Low-energy diet–induced weight loss leads to independent losses of leg muscle tissue and absolute knee muscle strength in obese patients with knee osteoarthritis (OA). However, the weight loss is accompanied by increased normalized muscle strength and improved self-reported disability and pain, offering benefits to patients with knee OA.
Henriksen and coworkers studied 159 obese patients with knee OA using data from a body composition analysis and isometric muscle strength testing of the knee. The data had been obtained as part of a randomized controlled trial; measurements were performed before and after a 16-week supervised low-energy diet–induced weight loss intervention.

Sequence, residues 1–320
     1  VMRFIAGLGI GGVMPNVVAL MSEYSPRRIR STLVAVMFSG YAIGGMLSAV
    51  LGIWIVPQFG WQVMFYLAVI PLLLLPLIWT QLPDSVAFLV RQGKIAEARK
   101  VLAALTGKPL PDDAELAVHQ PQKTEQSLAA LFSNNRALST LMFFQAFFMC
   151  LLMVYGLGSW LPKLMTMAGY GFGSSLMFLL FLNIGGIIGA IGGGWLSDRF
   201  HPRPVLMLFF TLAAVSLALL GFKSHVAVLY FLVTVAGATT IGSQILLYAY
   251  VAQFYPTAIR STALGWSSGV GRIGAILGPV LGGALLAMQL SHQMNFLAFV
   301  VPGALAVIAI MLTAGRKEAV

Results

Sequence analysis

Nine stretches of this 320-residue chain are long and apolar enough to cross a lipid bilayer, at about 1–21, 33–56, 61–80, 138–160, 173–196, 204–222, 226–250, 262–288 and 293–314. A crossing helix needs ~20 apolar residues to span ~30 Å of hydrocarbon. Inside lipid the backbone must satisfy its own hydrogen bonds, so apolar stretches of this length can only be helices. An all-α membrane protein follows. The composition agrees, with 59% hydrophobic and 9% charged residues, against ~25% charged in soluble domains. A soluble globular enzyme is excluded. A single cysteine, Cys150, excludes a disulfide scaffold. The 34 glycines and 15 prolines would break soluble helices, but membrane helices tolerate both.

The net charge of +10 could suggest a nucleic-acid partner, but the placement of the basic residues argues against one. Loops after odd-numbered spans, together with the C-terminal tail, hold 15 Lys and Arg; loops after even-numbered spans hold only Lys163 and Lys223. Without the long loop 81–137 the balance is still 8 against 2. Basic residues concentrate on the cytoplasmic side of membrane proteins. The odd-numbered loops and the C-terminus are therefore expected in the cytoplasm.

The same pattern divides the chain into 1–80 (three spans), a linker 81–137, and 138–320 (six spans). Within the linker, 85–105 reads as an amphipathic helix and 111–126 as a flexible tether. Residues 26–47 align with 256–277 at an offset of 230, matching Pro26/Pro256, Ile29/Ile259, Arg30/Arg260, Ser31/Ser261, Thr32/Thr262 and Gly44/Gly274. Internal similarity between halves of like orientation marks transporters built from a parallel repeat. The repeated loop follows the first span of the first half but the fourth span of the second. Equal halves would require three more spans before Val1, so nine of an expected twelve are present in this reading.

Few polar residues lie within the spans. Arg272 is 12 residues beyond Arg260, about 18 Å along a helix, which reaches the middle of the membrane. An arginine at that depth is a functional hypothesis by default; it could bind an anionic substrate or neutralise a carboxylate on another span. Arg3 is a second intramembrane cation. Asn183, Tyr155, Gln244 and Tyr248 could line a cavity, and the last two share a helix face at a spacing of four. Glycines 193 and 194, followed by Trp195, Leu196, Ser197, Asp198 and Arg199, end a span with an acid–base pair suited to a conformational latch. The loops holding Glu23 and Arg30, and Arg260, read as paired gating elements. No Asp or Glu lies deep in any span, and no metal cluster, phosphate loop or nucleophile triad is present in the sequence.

The patients lost an average of 12.9 kg, or 13% of baseline weight, consisting of 10.9 kg fat mass, of which 3.8 kg was leg fat mass. Total lean body mass was reduced by 1.9 kg, of which 0.785 kg was leg lean mass. Absolute muscle strength decreased by about 3% or 4% after the weight loss; body mass–normalized muscle strength increased by 11% to 12%. Leg lean mass was significantly related to muscle strength at baseline.
The authors suggested that weight loss efforts in patients who have knee OA be combined with efforts to restore or add muscle mass.